The HIPAA Security Rule?

  • What is the HIPAA Security Rule?
  • What is the Difference between PHI and ePHI? 
    • Safeguards 
    • Workstations  
    • Workstation Security 
  • e-Mail Security 
  • Text Messaging

What is the HIPAA Security Rule?

“The HIPAA Security Rule establishes national standards to protect an individuals’ electronic personal health information that is created, received, used, or maintained by a covered entity. The Security Rule requires appropriate administrative, physical and technical safeguards to ensure the confidentiality,integrity and security of electronic Protected Health Information

”.Definition provided by the US Department of Health and Human Services

Where the HIPAA Privacy Rule deals with the integrity of PHI in general, the HIPAA Security Rule deals with electronic Protected Health Information (ePHI) and is a response the increasing use of mobile devices in the workplace.

What is the Difference between PHI and ePHI?

While PHI relates to ALL Protected Health Information regardless of its format, electronic PHI (ePHI) is defined as all PHI that is stored, transmitted or used electronically.

Safeguards

WORKSTATIONS

In the eyes of the Department of Health and Human Services, a workstation is any electronic device that can be used to access ePHI. This includes desktop PCs, laptops, tablets, and mobile devices. This definition is not restricted to work issued devices, but includes any device you use to access ePHI, even personal cell phones.

WORKSTATION SECURITY

All work stations must have appropriate security in place in order to prevent unauthorized access to  ePHI. Typically, this includes: Unique Usernames and Passwords PIN or Security Codes Automatic log out after a predetermined period of in activity As above this applies to all devices used to access ePHI regardless of who owns the device.

Use of unsecured devices by any employee is strictly forbidden.

4. Cell Phones that are used to transmit PHI should always be password protected.

  • a. True
  • b. False

3. Patient information should be stored on unencrypted USB devices.

  • a. True
  • b. False

e-Mail Security

All e-Mails containing ePHI (Including any attachments) must be sent via an encrypted e-Mail channel. Continuum uses an Office 365 solution which ensures that not only is the original messages encrypted, but any replies are encrypted as well.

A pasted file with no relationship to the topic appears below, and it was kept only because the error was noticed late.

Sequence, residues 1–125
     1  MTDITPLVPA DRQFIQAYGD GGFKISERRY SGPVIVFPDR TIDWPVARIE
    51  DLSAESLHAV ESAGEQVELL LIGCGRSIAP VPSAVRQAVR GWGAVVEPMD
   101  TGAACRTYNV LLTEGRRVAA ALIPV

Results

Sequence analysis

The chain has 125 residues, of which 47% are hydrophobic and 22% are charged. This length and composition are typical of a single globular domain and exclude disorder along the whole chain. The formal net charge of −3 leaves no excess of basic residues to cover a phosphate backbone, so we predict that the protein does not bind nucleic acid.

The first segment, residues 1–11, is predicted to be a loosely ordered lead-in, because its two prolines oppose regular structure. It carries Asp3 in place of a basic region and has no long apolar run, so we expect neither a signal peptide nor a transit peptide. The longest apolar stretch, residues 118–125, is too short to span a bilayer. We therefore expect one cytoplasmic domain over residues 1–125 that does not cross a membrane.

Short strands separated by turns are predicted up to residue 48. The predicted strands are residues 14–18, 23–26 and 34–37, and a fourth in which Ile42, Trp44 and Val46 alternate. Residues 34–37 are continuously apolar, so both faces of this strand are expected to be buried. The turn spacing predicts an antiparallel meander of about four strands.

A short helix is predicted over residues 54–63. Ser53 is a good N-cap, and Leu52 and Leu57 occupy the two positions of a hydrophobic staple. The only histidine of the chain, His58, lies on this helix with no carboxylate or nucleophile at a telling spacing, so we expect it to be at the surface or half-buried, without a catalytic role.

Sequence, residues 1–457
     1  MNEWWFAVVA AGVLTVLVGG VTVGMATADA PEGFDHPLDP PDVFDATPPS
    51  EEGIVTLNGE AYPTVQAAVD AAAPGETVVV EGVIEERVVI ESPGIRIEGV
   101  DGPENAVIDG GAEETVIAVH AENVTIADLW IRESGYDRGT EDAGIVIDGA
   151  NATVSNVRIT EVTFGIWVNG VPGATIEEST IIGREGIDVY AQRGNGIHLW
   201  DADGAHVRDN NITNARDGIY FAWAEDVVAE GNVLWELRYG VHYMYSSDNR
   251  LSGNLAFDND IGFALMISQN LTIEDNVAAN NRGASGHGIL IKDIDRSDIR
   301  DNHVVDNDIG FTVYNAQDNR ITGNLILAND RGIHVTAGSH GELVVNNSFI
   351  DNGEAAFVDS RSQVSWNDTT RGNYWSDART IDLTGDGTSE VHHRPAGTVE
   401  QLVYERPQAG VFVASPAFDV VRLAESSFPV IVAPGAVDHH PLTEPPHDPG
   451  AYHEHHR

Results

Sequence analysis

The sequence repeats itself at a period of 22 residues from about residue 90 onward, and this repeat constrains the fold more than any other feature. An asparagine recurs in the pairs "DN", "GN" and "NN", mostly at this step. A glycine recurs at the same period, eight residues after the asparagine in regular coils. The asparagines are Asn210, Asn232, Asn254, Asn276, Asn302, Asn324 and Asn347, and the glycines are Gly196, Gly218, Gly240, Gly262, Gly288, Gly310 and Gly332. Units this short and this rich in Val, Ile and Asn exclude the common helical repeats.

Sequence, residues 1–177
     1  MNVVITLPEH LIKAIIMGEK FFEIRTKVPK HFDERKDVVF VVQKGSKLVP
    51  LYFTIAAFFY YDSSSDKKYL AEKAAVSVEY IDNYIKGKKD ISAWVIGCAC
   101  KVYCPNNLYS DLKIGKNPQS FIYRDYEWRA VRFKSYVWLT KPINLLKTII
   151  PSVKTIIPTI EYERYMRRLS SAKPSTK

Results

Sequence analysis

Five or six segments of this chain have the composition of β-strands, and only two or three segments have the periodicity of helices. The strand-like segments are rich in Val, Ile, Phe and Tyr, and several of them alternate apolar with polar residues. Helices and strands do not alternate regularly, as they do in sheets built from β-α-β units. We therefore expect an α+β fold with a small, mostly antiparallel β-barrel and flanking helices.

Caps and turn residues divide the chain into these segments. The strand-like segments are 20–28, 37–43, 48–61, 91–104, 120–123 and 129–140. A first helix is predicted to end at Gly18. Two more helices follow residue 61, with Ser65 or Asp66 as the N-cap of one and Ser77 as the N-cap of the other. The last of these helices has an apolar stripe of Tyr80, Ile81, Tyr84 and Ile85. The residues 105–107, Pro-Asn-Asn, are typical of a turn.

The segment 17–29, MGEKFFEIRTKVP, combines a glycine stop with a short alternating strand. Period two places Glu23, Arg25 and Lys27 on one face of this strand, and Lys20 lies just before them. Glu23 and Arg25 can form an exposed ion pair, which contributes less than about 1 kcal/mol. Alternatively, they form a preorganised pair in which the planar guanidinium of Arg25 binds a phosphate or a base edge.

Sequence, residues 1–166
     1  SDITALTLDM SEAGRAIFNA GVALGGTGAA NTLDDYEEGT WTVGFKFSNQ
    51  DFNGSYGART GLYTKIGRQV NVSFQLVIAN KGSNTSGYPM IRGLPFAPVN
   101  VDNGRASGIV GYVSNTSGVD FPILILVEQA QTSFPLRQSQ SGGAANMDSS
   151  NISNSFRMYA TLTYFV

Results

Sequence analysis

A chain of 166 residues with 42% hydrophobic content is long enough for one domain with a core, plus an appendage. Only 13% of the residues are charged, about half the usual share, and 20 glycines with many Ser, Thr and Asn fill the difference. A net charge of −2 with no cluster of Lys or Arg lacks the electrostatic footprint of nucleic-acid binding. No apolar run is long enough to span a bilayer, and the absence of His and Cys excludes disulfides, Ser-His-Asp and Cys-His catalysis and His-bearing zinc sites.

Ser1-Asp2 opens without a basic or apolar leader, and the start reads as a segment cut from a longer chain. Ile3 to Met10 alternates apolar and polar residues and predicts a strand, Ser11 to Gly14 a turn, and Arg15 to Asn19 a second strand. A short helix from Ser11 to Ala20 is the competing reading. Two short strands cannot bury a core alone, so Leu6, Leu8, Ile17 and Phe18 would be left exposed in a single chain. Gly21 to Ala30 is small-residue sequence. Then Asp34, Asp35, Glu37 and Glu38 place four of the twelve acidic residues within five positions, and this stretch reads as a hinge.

2. All emails and text messages containing Protected Health Information should be sent via secure encryption.

  • a. True
  • b. False

Text Messaging

Unless sent via an encrypted SMS system, text messaging is prohibited as it fails to meet HIPAA compliance.

How do I know if I am responding to a secure e-Mail?

Continuum uses a secure e-Mail system from Microsoft’s Office 365 Platform.Any secure e-Mail you receive from Continuum will have “<secure>” as the first part of the Subject Line.The body of the e-Mail will look similar to this:

You've received an encrypted message from [email protected] 

To view your message 

  • Save and open the attachment (message.html), and follow the instructions.
  • Sign in using the following e-Mail address: [email protected]

This e-Mail message and its attachments are for the sole use of the intended recipient or recipients and may contain confidential information. If you have received this e-Mail in error, please notify the sender and delete this message. 

Message encryption by Microsoft Office 365  

To open this e-Mail you will need to save and open the attached “message.html” file and follow the instructions. The procedure varies based on device (computer, tablet, iPhone, Android) so it is important to read all the instructions. Many mobile devices will not support opening encrypted e-Mails without specific applications being installed first. For this reason, Continuum recommends that you open secure e-Mails from a PC or laptop.

To respond to a secure e-Mail, once opened, reply as you normally would. Do NOT start a new unsecure e-Mail